From Breaking Worlds

The magic of Breaking Worlds takes many forms. The two main types of magical ability within the game are spells and rituals.


A Spell is a supernatural effect that is cast quickly by a single person. These almost always have a call to indicate the effect.

Spells can be targetted in five ways:

  • A self range spell only affects the caster.
  • A close range spell requires the caster to be close enough to touch the target (though they do not need to actually touch). Unless it is also explicitly a self range spell, the caster may not use it on themself.
  • A ranged spell can be used on a target up to five metres away, and requires the caster to clearly indicate the target (such as by calling their name or description).
  • A mass spell uses the MASS call, which affects anyone within a five-metre radius of the caster. The caster may delineate an area of effect with their arms.
  • A wide spell uses the WIDE call, which affects anyone within a ten-metre radius of the caster. At an interactive, it affects everyone present.

The caster must use a vocal (speak a few words appropriate for spellcasting). They must also have one hand free (that is, not ruined by CLEAVE and not holding a weapon or other item) to cast a spell.

An exception is that you may cast while holding a clearly magical implement such as a wand, rod, or staff. This may be weapon-safe - if so, it is considered a weapon and you may strike with it in melee for implied SINGLE (if you are proficient with a weapon of that size) or ZERO, but you may not use it to deliver more powerful blows using stamina.

After casting a spell, a character cannot start casting another spell for five seconds.


A Ritual is a supernatural effect that may have multiple participants and takes more time than a spell. Rituals are categorised as Minor, Major, or Epic, in the same way as EFFECTs.

  • A minor ritual is slower and more complex than a spell, but still fairly routine. Anyone with the required skill is able to perform a minor ritual with two minutes of appropriate roleplay. However, they can sometimes increase the effect of the ritual by making additional efforts (see below). A character may be the target of any given minor ritual up to twice per day.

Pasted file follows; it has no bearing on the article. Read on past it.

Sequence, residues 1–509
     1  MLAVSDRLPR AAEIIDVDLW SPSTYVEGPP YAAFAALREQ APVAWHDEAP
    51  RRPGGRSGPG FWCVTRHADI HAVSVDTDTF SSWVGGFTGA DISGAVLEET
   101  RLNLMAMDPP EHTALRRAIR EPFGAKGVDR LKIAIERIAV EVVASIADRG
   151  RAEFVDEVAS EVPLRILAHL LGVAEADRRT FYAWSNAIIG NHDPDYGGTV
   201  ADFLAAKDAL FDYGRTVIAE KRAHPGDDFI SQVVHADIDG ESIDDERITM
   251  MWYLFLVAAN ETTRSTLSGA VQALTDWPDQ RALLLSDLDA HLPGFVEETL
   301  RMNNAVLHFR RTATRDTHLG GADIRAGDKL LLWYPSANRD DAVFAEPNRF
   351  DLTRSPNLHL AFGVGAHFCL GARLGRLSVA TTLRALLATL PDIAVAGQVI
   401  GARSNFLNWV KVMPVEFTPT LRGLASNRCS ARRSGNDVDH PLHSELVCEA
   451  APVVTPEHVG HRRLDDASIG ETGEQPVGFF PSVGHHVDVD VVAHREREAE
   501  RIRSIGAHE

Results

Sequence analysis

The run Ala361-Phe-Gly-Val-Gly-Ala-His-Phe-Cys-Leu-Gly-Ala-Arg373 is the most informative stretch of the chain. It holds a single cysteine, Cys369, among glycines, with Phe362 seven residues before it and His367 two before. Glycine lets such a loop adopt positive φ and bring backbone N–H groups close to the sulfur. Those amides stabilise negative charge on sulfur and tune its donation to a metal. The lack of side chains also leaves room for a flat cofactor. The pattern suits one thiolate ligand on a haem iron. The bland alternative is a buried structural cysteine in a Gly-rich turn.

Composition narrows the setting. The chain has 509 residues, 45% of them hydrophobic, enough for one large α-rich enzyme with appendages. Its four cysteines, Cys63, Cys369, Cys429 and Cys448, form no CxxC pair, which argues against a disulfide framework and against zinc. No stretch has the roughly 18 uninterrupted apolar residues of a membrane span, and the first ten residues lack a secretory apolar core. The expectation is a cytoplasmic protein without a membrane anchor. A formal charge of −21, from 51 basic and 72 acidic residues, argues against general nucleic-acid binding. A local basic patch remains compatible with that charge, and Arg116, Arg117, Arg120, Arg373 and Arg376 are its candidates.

• A major ritual is a significant and impressive work of magic. Performing a major ritual takes at least two minutes and requires additional costs (at least two or three from the list below, and ideally more). A character may be the target of any given major ritual up to once per day.
  • An epic ritual is an exceptional feat of magic. Performing such a ritual takes several minutes and requires substantial additional costs (examples from the list below) as well as a suitable plot opportunity - the Guides can advise on this.

Sources of power for a ritual include, but are not limited to:

  • Performing the ritual with several participants
  • Performing the ritual with the assistance of one or more spirits
  • Performing the ritual in a place of power
  • Sacrificing a significant amount of silver - usually at least 16 SD
  • Sacrificing gold
  • Sacrificing something with inherent magical or spiritual power (including people!)

For each ritual performance, its goal is determined by the leader, who must have the appropriate skill. The leader can conceal or obfuscate the goal from observers or even from the other participants. However, all participants will become aware of the effect of a ritual when it is completed, and any non-participant with the ability to examine a magical effect can use this ability on a ritual in progress.
Each ritual performance should be obvious to observers, even if its goal is concealed.

Improvised rituals

The skills Elemental Ascendancy, Elemental Mastery, and Mastery of Evocation allow a character to improvise rituals within a particular theme. These improvised rituals are less efficient than standard rituals and have additional requirements:

  • Improvised rituals always require one more source of power than a standard ritual of the same power level (examples from the list above).
  • Improvised rituals always require some kind of material sacrifice as one of the sources of power.

In the right circumstances and at ref discretion a character may be given the opportunity to turn a suitable improvised ritual into a standard ritual, which can then be learned as a skill.